Reality: We’re fine on the travel and accommodation part (he says), but if an event organiser neglected to provide free food and drink I know some sports journalists who’d consider including it in the intro of their copy for the back page. Others would be contacting union representatives.
Clause 2(b): ‘(Sports journalists) should not write for team or league media guides or other team or league publications’.
Reality: So many have, and do. Myself included. Scribes writing for club/country match programmes is common – and comparatively lucrative. All parties gain. There’s the kudos and extra pocket money for the journalist, the profile for his or her regular employer and the top content for the commissioners. Just for the record, I never felt compromised doing this.
I once wrote a regular column for the Cardiff Blues match programme. Alas, the arrangement lasted no more than a couple of months. After one critical article too many for the South Wales Echo, the then Blues chief executive Bob Norster pulled it. I also wrote intermittently for Wales rugby international programmes, which I always saw as a privilege. That too came to an abrupt end, coincidentally around the same time as Warren Gatland decided I was a wrong ‘un.
Clause 6(a): ‘Sharing and pooling of notes and quotes should be discouraged. If a reporter uses quotes gained secondhand, that should be made known to the readers. A quote could be attributed to a newspaper or to another reporter’.
Reality: Ahem…a bit late for this. On most tours I’ve been on, and following some formal top-table press conferences at home, sharing quotes has been standard practice. If 10 newspaper journalists attend the same briefing, why would all 10 write out the quotes? My experience has been that if a session lasted 20 minutes, four people would be tasked with transcribing five minutes apiece and circulating the material to the group. The next day it would be a different four, and so on. Similarly if we ever ran into logistical problems, or distance made attending an event impossible, it was always an option to ask a colleague to furnish you with what was said later on via email, on the understanding that the favour would be returned in future if needed. And when the story went to print or was put online, there was certainly no asterisk at the foot of it explaining that the quotes came courtesy of a writer employed by a different newspaper.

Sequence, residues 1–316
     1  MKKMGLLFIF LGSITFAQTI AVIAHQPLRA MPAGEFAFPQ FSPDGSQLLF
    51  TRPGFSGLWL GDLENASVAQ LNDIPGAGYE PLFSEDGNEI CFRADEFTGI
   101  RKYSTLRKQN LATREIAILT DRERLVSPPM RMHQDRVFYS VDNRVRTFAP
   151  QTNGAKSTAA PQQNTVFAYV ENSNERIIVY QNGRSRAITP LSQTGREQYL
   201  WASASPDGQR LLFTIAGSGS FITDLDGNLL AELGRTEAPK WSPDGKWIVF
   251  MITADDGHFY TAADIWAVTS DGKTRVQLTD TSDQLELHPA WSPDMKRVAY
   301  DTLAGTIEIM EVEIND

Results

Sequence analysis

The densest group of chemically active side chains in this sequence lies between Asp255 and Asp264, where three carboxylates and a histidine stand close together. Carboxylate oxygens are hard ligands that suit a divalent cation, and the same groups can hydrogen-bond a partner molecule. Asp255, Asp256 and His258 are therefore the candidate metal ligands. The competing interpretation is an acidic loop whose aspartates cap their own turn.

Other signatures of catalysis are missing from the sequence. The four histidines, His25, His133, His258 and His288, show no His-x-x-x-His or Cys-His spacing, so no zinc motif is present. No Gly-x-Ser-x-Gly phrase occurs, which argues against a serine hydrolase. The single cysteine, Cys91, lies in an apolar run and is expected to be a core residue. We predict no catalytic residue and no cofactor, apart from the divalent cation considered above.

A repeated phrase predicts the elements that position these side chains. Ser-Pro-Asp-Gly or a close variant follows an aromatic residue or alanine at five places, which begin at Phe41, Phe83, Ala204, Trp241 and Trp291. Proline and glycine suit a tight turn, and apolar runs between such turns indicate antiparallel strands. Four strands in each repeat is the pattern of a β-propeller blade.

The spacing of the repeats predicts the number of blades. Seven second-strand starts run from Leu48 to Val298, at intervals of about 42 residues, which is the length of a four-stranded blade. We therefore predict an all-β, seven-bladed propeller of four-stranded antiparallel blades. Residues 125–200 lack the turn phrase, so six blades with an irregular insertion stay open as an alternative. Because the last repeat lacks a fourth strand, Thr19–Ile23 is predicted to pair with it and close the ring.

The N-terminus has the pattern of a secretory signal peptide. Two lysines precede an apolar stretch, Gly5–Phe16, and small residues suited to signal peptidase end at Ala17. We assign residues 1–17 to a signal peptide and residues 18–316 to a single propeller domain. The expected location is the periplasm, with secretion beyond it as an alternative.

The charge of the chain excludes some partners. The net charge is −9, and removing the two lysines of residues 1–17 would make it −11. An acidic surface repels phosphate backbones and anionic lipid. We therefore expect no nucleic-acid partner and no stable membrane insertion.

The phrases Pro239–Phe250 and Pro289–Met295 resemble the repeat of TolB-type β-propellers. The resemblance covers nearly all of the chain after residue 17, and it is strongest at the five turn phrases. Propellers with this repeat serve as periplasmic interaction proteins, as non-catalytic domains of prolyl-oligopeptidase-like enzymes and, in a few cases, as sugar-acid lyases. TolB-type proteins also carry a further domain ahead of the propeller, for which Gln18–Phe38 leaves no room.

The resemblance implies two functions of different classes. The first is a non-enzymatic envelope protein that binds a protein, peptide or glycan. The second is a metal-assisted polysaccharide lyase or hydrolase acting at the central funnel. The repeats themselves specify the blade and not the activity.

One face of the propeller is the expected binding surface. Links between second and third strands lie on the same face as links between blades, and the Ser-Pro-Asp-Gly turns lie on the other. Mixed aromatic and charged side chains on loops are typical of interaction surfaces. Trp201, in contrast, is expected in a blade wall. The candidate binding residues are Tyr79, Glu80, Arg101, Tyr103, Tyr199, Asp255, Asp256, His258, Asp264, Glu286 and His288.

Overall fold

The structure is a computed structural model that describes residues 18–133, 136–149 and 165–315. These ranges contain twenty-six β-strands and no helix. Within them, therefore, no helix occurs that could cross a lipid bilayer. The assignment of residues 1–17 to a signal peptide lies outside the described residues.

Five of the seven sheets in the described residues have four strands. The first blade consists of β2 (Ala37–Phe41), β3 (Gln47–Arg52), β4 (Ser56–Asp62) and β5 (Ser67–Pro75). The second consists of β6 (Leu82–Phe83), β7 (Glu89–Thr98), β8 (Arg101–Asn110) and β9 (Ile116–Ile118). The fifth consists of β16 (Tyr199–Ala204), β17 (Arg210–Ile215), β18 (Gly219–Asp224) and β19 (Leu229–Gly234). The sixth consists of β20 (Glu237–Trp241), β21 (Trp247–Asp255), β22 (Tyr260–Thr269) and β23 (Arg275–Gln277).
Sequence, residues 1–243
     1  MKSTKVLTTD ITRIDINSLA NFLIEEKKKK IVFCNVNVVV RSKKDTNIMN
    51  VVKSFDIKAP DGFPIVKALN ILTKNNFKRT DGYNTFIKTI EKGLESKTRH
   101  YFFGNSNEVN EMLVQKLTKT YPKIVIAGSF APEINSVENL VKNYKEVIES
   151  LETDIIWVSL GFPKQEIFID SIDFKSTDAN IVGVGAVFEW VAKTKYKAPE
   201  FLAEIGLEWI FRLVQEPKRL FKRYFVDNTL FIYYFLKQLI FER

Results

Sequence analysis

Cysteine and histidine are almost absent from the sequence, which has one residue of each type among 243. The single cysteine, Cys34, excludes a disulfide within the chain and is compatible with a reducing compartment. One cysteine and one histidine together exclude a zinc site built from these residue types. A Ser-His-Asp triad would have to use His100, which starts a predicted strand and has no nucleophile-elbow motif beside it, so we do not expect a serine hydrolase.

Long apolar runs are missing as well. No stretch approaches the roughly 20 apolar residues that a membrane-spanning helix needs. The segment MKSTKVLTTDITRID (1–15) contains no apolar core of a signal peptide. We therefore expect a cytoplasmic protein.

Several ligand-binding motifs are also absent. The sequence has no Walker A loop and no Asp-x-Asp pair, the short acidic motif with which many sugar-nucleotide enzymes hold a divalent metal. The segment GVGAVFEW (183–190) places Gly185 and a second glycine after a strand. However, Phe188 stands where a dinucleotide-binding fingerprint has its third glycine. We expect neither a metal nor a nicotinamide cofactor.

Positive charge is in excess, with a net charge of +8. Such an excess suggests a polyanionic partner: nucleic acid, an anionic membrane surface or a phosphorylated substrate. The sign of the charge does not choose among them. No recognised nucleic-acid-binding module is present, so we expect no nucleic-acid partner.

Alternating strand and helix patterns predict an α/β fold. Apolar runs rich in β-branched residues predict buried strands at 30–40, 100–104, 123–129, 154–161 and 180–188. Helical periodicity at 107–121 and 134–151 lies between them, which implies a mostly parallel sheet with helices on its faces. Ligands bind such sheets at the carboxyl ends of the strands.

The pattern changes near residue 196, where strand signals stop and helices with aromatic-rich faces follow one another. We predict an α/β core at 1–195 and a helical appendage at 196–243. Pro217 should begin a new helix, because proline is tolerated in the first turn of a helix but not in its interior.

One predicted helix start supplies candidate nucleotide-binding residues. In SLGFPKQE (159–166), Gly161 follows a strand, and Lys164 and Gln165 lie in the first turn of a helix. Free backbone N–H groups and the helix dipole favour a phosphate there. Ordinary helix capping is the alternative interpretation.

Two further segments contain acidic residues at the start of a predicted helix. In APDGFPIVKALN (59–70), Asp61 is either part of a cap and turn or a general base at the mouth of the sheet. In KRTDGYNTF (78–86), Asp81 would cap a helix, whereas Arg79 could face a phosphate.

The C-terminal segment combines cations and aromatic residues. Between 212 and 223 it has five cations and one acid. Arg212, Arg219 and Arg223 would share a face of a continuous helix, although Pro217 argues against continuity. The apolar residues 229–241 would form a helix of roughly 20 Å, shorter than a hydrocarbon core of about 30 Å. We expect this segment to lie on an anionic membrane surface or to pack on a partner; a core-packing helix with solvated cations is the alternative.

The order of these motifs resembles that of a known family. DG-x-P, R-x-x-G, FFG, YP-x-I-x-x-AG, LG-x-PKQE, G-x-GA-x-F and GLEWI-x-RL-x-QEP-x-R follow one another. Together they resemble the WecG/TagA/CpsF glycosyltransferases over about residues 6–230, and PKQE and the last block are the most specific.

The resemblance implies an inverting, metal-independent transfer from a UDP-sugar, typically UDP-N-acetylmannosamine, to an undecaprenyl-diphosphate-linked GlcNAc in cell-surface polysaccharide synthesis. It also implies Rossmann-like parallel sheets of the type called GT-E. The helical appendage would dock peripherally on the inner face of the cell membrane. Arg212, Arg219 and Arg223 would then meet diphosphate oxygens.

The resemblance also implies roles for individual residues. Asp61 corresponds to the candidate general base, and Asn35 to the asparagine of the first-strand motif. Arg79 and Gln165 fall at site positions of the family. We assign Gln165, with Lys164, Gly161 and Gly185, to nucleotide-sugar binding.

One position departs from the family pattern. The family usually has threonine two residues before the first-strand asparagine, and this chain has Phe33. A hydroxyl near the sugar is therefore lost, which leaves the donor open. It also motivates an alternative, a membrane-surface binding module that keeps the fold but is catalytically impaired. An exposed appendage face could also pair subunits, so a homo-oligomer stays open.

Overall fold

Sports journalism has long since ceased to be the office ‘toy department’ or the ‘little brother’ of serious news. It now tackles issues of profound social importance – racism, mental health, corruption, sexual abuse, bullying and gender discrimination among them.
It is therefore rightly subject to the same level of scrutiny reserved for any section of the media. Sports journalists are now expected to display a level of expertise once assumed the preserve of news correspondents.
And sport itself has long since commanded the kind of prominence on every communication platform that once upon a time seemed inconceivable. We live in an age of daily sport pull-outs, bumper sport sections, millions and millions of daily clicks on sport stories online, and radio and TV channels devoted entirely to sport. Engagement with sport on social media so often displays the best – and sadly the very worst – examples of human interaction.
Sports journalism has come a long way. It matters. More than ever.
So it’s high time it had a code of conduct. Which matters. More than any other.
And yes, even if that means buying your own laptop bag.